Google TV Rebounds with New Chipset Partners and Devices
On the eve of the Consumer Electronics Show, Google makes a splash with key partnerships that promise a strong year for the battered connected TV platform.
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Just a few days ago, you could probably forgive any of Google TV's product managers who might consider cashing in their chips in Las Vegas next week at the Consumer Electronics Show. But what a difference a few days makes.
With the Logitech Revue out of the picture, Sony was the last company standing that offered a set-top box powered by Google TV 2.0. Additional prospects looked grim, despite Google chairman Eric Schmidt's predictions that 2012 would be the Year of Google TV. Samsung attempted to squash rumors earlier this week that it would use CES (the Consumer Electronics Show) to showcase an internet-connected smart TV powered by Google TV.
In the last two days, though, a clearer picture has emerged of several key partnerships -- including LG, Sony, Vizio, and even Samsung -- that may benefit Google TV growth, providing new opportunities for graphics, TV-friendly web content, and 1080p content processing for streamed 2D and 3D content.
The partnership announcements center on chipset capabilities, with Santa Clara-based Marvell and Taiwan-based MediaTek both announcing that their respective media processors will power future Google TV-based set-top boxes and smart TVs.
Google needed the good news of additional chipset partners, as Intel had announced in October 2011 that it was pulling out of the internet-connected TV market, where it had touted its Atom processor for a number of devices. Reaction in the market to Intel's decision was negative, and the company later partially recanted, opting to continue Atom support for set-top boxes for the time being, including the Boxee Box.
Why are the right chipset partnerships so important to Google TV's future? We see three basic reasons: parity, performance, and potential.
As we reported in a recent StreamingMedia.com article on the Logitech Revue, the Intel Atom CE4100 chipset powers both the Sony NSZ-GT1 Google TV box and the Logitech Revue. Google's initial idea was to provide a reference platform for all Google TV-powered set-top boxes, so that the original Google TV firmware -- as well as future releases such as the recent Android 3.1 / Google TV 2.0 -- would run consistently across all consumer devices.
Even with the same chipset, though, what Google discovered was that different consumer electronics companies chose to approach the baseline Google TV operating system differently: Sony went all-in and used the CE4100 chipset to its maximum advantage -- selling a significant number of NSZ-GT1 set-top boxes and smart TVs in the process -- while Logitech opted to hold back on the CE4100's capabilities, choosing not to support basic transport protocols and the MPEG-2 codec, and ultimately discontinued the Revue product.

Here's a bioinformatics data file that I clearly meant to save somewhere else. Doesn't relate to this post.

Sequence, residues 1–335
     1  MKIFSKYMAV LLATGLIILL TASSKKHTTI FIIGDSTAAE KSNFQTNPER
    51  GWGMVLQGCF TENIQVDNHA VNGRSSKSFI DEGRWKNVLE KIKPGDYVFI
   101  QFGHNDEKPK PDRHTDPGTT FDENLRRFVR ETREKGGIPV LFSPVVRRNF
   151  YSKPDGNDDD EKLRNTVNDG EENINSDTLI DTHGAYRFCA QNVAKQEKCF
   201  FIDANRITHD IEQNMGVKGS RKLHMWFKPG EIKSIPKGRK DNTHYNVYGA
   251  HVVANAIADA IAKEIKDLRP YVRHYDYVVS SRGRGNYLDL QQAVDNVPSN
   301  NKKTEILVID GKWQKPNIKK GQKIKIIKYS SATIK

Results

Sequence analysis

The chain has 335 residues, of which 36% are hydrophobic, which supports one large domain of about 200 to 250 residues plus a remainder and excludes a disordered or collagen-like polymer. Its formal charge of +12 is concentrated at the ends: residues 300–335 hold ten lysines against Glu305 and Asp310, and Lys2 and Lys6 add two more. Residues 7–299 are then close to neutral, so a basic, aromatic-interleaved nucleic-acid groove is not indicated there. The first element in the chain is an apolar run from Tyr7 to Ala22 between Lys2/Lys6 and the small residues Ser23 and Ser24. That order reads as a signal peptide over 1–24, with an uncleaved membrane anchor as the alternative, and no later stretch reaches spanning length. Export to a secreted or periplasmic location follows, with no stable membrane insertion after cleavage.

There must be a certain level of satisfaction for Google in the past week, after being hammered by Logitech's CEO as "beta" software and calling the Revue -- which is now selling as low as $79.99 refurbished -- a "mistake" for his company. Sony announced that the NSZ-GT1, at almost twice the price of the Logitech Revue, had sold better than expected, and that the Sony Google TV-powered smart TVs (the 40-inch NSX-40GT1 and 46-inch NSX-46GT1) are the best selling TVs in Sony's stable of products.
"They're among the best-selling TVs we have," Brian Siegel, Sony TV vice president told USA Today. "Media has done a real good job of beating [Google TV] up."
Performance and Potential
If Google can't persuade device manufacturers to provide a parity product, it appears that Google is now set to offer options in the form of a variety of chipsets.
LG will showcase its own line of Google TV smart TVs, but instead of using the Marvell or MediaTek chipsets, LG's TV will run on its own L9 chipset.
The two chipset announcements from Marvell and MediaTek also provide insight into performance and potential future features of Google TV.
The Marvell announcement centers on the company's flagship Armada series of media processors, while the MediaTek chipset is unnamed but has appeared in a number of prototype boxes in the past month. Both companies appear to have a feature set integrated into the chipsets that the Atom didn't possess.
The goal, according to industry watchers is to allow 1080p playback at 60 frames per second, offer graphics overlays on the 1080p signal, and support simultaneous HDMI input-output from a single chipset. In addition, evidence points to the potential to simultaneously play two 1080p streams, in a PiP (picture-in-picture) setup, and potentially allow 1080p webcam connectivity.
Marvell also notes that its Qdeo video processing technology can power the ARM-based Armada processors to "deliver superior 3D video, impressively rich audio, striking 3D graphics, and TV-friendly Web content."
In a blog post, Google announced that Samsung will offer Google TV-powered devices this year, Sony will debut new devices in the U.S. and worldwide, and Vizio will show Google TV-powered products in private demos at CES.
We expect a few more announcements in the Google TV space this weekend as CES kicks off in earnest at the Las Vegas Convention Center.
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